the existing name is associated with much confusion and misconception. 
Although I do like the existing name and would prefer leaving it as is, 
something like "Consider Existing Practices and Use Cases" would be 


6. Evolution Not Revolution

I agree with the concept of this principle, though I do think it needs 
to be clarified.  I support the suggestions from Karl Dubost and James 
Graham gave in the survey.


7. Solve Real Problems

I support this principle, though I think it needs to be clarified to 
address the concerns others have expressed.  In particular, it needs to 
define what is and is not considered a real problem and describe 
techniques to determine if a problem is real or not.

Despite what some have claimed in their survey responses, there are 
indeed cases where people think they are trying to solve a real problem 
when they're really not.

It is important to realise that the question of whether a problem is 
real or not, is not dependent upon whether someone thinks it is.  If a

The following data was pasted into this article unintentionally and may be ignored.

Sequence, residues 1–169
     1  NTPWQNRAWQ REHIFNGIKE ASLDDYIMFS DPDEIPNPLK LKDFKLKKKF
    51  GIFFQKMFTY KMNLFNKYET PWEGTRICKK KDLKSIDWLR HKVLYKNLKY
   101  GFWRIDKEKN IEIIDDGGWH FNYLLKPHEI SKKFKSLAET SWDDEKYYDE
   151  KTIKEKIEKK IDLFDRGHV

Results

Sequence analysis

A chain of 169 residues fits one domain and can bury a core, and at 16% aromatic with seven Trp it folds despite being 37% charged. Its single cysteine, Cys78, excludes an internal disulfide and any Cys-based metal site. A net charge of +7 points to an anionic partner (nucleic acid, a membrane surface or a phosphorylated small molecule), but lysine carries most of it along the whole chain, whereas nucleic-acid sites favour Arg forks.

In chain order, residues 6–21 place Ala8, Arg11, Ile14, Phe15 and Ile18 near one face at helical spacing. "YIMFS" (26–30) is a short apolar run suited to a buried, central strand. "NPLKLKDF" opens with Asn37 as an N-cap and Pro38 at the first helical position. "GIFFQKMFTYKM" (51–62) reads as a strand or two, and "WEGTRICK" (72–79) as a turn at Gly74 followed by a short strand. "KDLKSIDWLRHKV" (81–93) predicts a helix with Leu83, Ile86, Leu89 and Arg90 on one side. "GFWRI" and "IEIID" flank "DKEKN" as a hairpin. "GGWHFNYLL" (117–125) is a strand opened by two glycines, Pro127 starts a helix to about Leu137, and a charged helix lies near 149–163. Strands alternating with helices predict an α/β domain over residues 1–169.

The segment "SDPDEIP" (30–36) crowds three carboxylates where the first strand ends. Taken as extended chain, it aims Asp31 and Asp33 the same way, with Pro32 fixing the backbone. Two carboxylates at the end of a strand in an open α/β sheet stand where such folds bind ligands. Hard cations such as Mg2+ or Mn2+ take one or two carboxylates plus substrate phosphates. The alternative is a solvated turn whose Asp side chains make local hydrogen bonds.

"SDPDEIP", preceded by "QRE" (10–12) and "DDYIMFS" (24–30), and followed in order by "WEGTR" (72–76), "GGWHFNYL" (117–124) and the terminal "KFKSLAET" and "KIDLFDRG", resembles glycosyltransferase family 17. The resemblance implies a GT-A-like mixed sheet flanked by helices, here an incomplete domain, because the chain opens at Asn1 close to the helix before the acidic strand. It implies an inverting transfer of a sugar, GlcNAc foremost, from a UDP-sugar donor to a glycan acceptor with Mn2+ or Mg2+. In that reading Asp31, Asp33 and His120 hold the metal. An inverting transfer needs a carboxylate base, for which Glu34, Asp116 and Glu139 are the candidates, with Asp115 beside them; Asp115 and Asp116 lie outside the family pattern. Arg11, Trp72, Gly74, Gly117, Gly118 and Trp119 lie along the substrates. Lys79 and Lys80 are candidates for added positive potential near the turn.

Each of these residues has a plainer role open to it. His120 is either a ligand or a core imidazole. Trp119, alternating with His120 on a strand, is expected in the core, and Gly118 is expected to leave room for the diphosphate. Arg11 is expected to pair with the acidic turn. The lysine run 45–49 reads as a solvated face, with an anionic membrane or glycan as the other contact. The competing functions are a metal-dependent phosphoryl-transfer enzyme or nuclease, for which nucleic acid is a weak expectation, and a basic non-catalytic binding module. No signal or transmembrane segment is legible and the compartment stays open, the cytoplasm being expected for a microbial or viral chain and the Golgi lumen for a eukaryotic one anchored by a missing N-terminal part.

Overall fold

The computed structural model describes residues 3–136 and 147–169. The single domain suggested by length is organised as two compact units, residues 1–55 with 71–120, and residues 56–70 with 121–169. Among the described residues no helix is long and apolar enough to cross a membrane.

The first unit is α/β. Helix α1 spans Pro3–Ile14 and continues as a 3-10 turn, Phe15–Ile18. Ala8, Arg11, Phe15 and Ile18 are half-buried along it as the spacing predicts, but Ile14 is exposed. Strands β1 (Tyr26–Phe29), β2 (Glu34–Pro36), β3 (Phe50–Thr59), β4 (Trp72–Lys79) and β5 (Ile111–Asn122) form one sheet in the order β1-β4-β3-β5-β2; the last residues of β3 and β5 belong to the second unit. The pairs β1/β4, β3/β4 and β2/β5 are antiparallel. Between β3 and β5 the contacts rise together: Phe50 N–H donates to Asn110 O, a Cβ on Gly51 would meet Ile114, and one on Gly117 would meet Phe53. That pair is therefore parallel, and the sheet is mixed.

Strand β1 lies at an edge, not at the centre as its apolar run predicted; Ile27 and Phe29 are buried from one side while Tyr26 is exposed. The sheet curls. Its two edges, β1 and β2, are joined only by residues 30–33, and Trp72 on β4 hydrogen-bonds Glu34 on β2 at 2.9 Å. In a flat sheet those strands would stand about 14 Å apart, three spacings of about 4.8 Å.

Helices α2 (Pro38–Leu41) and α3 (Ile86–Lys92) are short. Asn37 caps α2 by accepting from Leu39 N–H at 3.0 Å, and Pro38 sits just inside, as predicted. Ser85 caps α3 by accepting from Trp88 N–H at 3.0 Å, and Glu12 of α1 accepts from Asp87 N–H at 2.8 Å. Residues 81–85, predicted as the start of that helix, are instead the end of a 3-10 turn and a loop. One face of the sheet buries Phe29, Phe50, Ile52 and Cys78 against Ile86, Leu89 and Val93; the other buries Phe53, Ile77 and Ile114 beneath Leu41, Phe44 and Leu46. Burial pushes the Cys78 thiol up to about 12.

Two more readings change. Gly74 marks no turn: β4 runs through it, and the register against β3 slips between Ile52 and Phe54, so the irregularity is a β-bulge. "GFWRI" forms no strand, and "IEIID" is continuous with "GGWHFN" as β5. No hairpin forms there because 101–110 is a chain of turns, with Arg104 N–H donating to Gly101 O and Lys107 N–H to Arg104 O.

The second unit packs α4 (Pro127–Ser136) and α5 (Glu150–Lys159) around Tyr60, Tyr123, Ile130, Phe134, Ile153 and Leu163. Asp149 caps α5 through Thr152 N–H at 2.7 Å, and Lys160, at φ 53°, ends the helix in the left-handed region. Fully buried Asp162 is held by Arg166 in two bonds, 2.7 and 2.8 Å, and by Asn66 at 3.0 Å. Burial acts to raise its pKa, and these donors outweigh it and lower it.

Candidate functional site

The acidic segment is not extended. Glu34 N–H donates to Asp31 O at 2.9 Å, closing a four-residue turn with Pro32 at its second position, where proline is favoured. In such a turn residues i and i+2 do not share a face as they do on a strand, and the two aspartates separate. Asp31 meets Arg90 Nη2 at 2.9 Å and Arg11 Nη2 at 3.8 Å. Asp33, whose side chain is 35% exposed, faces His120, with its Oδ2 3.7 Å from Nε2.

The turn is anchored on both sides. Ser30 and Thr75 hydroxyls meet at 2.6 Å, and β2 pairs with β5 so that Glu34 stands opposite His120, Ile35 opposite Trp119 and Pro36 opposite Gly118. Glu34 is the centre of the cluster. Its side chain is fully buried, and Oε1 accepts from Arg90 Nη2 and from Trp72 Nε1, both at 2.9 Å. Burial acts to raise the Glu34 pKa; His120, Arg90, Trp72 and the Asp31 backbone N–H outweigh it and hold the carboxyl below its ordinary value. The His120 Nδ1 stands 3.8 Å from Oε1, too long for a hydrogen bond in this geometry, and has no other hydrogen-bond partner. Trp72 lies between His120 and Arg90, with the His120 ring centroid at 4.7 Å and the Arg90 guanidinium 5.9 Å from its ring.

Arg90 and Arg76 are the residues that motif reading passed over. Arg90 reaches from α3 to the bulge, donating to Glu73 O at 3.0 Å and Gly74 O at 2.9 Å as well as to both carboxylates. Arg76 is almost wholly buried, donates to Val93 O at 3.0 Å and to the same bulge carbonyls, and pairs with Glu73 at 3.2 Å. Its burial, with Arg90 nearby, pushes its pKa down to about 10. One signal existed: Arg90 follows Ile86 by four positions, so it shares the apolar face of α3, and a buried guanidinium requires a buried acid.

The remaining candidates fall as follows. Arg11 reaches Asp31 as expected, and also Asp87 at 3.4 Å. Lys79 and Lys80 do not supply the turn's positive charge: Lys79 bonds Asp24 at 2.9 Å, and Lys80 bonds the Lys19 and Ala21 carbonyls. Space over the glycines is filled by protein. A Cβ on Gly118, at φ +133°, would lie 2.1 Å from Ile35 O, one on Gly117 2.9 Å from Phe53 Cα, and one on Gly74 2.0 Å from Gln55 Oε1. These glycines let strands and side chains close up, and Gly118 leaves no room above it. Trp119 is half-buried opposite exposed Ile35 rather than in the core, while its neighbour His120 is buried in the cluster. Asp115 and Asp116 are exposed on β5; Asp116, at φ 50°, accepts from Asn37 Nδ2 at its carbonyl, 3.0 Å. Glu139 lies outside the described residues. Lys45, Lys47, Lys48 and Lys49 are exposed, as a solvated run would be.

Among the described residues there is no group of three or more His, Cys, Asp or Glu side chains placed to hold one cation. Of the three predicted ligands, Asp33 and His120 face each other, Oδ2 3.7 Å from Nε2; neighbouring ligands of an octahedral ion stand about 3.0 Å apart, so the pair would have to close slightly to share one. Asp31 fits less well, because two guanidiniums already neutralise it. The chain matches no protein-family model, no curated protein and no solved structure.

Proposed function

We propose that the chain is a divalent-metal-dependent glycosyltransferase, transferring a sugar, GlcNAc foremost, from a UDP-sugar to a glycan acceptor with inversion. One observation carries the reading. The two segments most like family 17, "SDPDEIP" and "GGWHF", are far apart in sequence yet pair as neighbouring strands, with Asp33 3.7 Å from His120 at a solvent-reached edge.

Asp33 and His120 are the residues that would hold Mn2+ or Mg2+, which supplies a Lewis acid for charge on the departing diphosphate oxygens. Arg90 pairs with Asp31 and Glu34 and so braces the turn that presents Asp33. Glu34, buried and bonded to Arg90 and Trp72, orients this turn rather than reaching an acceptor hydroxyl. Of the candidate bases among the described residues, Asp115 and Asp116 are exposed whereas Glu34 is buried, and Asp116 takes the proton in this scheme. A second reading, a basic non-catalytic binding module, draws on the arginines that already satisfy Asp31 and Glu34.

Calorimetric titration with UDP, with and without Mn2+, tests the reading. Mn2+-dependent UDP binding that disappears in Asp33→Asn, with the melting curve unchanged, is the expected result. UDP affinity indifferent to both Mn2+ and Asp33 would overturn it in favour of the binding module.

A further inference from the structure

problem is real, there would need to be some sort of evidence to support 
it, although there are many forms of evidence and problems can apply to 
groups.  For example:

* Example pages that demonstrate authors trying to solve a problem,
   using techniques that aren't fully effective or cause problems for
   others. e.g.
   - Authors using JavaScript to simulate placeholder text in text boxes

* Feedback from implementers explaining how or why something is
   difficult or impossible to implement. e.g.
   - Implementing parsing algorithms according to SGML rules isn't
     possible on the web.

* Information about users trying to achieve something, which isn't as it
   easy as it should be. e.g.
   - Users of assistive technology need to be able to easily interpret
     and navigate the document, based on its structure.
     (That's one reason for introducing <section>, <header>, etc.)